"Hospitals don’t have patients; doctors have patients and hospitals have doctors” (or “Hospitals don’t have patients, physicians/doctors do") was said by Dr. Paul Ellwood by at least 1975. Ellwood has been called the father of managed health care (the HMO).
Ellwood’s statement has been frequently quoted in the healthcare industry.
The Burton Report
Paul Ellwood and the Genesis of Managed Health Care
Managed health care was born in Minnesota in 1969 when pediatric neurologist, Paul M. Ellwood left the practice of medicine to initiate national health reform. During his tenure as executive director of the American Rehabilitation Foundation and the Sister Kenny Institute in Minneapolis he recognized that the United States Government was becoming more and more involved in the planning and funding of health care as demonstrated by its introduction of “Medicare.” He, and his associates regarded Medicare as the advent of a disturbing trend towards socialized medicine. Because of this he intended to introduce the “health maintenance organization” (HMO) as a better alternative to a socialized system. Elwood’s goal was to initiate a new direction in health care which would not only provide quality service to the public, but would also contain escalating health care costs by preventing disease and also maintain good health in the population.
This experiment in health care was first introduced in Minnesota as the organization “Group Health.”
Google News Archive
7 July 1975, Lakeland (FL) Ledger, “Phyisican Mostly Decide Who Pays For What” by Victor R. Fuchs, pg. 4C, col. 7:
As Dr. Paul Elwood has so well put it, hospitals don’t have patients; doctors have patients and hospitals have doctors.”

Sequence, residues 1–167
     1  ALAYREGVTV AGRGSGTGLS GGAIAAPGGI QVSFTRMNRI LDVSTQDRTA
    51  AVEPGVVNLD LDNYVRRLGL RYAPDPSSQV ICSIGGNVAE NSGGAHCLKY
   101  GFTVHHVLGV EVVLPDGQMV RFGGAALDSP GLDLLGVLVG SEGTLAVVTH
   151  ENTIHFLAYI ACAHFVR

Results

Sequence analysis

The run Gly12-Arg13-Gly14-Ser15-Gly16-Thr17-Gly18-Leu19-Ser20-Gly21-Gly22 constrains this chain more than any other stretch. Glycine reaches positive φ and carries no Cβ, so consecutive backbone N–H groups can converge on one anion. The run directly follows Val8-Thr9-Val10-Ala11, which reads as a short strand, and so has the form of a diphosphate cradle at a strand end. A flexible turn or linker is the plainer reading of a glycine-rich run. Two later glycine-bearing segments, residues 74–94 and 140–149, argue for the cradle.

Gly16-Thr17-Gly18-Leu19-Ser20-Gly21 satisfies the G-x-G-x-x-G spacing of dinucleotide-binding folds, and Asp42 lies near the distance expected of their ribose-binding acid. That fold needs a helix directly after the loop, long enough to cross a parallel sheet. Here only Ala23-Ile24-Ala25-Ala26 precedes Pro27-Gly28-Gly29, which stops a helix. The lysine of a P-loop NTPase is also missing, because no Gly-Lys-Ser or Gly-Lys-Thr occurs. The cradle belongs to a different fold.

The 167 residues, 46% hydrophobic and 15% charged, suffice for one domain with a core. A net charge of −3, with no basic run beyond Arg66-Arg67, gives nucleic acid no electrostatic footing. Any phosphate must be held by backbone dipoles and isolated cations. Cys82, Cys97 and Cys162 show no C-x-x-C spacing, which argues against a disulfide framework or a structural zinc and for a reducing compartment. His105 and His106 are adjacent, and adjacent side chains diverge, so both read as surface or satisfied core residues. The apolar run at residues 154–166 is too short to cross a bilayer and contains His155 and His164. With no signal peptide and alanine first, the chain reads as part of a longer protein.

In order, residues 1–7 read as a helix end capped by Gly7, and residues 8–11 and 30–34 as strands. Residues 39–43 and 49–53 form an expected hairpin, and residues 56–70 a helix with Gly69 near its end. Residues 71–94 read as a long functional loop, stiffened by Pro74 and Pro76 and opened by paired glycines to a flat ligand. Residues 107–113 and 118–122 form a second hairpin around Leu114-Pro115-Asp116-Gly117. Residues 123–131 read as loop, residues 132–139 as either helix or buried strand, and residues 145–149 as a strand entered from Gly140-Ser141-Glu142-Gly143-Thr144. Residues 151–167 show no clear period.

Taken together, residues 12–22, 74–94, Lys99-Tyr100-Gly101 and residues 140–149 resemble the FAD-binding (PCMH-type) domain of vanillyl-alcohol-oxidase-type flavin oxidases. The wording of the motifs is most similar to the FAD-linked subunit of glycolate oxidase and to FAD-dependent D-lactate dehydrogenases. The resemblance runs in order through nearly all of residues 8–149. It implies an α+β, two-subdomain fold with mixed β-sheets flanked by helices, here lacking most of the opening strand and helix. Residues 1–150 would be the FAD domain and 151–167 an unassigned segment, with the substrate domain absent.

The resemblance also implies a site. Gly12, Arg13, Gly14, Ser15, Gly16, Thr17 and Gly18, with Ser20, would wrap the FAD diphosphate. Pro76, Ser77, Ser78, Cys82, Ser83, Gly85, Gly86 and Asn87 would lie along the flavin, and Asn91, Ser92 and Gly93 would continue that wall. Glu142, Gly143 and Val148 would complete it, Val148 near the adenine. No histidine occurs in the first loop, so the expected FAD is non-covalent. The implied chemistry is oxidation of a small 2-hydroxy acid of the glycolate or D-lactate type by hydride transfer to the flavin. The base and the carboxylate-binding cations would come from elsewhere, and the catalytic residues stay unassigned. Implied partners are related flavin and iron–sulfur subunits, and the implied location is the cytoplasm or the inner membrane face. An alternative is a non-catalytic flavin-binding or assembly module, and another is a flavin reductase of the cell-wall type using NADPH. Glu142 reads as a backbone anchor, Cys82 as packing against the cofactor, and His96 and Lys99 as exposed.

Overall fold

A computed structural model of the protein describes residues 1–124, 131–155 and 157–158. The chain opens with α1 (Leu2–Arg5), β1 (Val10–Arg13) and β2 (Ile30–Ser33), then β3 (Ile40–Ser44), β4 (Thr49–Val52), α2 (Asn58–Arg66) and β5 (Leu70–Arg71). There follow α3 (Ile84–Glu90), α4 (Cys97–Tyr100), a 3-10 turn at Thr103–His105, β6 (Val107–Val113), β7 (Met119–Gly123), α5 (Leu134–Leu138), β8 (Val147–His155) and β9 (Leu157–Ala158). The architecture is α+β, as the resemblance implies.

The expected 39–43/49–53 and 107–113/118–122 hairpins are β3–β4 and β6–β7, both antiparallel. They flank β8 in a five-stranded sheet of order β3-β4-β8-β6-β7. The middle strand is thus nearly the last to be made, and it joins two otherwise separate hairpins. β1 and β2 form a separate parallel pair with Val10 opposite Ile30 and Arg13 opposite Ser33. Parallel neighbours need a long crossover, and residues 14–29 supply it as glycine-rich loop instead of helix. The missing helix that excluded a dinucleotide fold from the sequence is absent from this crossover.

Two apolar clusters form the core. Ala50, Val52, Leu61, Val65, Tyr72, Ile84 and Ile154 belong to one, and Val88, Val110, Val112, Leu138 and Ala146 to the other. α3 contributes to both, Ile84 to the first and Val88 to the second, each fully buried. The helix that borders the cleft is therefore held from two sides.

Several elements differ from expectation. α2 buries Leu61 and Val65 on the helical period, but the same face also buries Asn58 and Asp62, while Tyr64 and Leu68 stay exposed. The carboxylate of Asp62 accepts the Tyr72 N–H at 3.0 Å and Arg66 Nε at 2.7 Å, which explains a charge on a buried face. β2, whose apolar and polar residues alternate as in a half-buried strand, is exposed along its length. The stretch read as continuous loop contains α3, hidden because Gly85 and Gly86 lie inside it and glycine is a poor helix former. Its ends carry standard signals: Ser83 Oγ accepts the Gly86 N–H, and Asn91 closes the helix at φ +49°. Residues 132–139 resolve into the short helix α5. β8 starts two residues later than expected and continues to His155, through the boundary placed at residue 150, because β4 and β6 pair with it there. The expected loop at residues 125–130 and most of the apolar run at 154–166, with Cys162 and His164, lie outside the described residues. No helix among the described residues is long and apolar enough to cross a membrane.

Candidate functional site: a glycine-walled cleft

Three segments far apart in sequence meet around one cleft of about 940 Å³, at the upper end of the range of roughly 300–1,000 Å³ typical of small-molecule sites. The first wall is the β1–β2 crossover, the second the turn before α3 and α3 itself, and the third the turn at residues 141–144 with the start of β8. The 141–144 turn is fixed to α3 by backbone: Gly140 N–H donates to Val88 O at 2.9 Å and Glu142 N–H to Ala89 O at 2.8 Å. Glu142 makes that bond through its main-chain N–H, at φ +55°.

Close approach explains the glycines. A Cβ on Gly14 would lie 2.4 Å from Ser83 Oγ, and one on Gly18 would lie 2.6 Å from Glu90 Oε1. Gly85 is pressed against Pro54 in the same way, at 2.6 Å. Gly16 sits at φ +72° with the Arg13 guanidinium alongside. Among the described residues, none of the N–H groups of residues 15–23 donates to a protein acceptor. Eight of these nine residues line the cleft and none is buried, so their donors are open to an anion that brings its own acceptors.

The practical solution to the soaring cost of medical care
By Alain C. Enthoven
Washington, DC: Beard Books
Paul Ellwood, MD, President of InterStudy, put it this way: “Hospitals don’t have patients. Hospitals have doctors, and doctors have patients. Therefore, hospitals compete for doctors.”
Wednesday, May 13, 2009
Hospital-Sponsored Medical Homes—Whose Patients?
While the idea of a “medical home” came from primary care physicians, initially pediatricians, it has been taken up by a number of hospitals. This creates a challenge to hospitals to revise the definition of “patient” that has limited their function in patient care. In some cases, regulatory issues may arise in the process.
When I began my career in health care decades ago, one of the first things I recall being told was that: “Hospitals don’t have patients. Doctors have patients. Hospitals have doctors.” This maxim made it clear that hospitals only gain patient admissions and visits through their medical staffs, though direct-to-consumer advertising by hospitals has certainly suggested that consumers make or influence at least some decisions regarding hospital use and selection.
EDITORIAL: Erlanger’s challenge
December 14, 2011
By Chattanooga Times Free Press, Tenn.
McClatchy-Tribune Information Services
The problem of the exodus of doctors’ groups that practice chiefly at Erlanger is best reflected in the adage that hospitals don’t have patients; doctors do. When doctors shift their practice to competitor hospitals, hospitals lose patients, and money.
Tiller-Hewitt Healthcare Strategies
USA TODAY Reports on Physician Liaisons
December 15, 2011
At one of my hospital’s weekly sales meeting, the CEO (who always attended) never failed to remind the team that, “Hospitals don’t have patients, physicians do, we just take care of their patients for them.” His level of respect for the physician’s role as Captain became a core value of that sales team. It’s that kind of respectful approach that builds a strong foundation to long-term trusting and collaborative relationships.
New York City • Work/Businesses • (1) Comments • Sunday, December 18, 2011 • Permalink
"Hospitals don’t have patients; doctors have patients and hospitals have doctors”
I love that statement...so true!! And that’s what’s wrong with country.....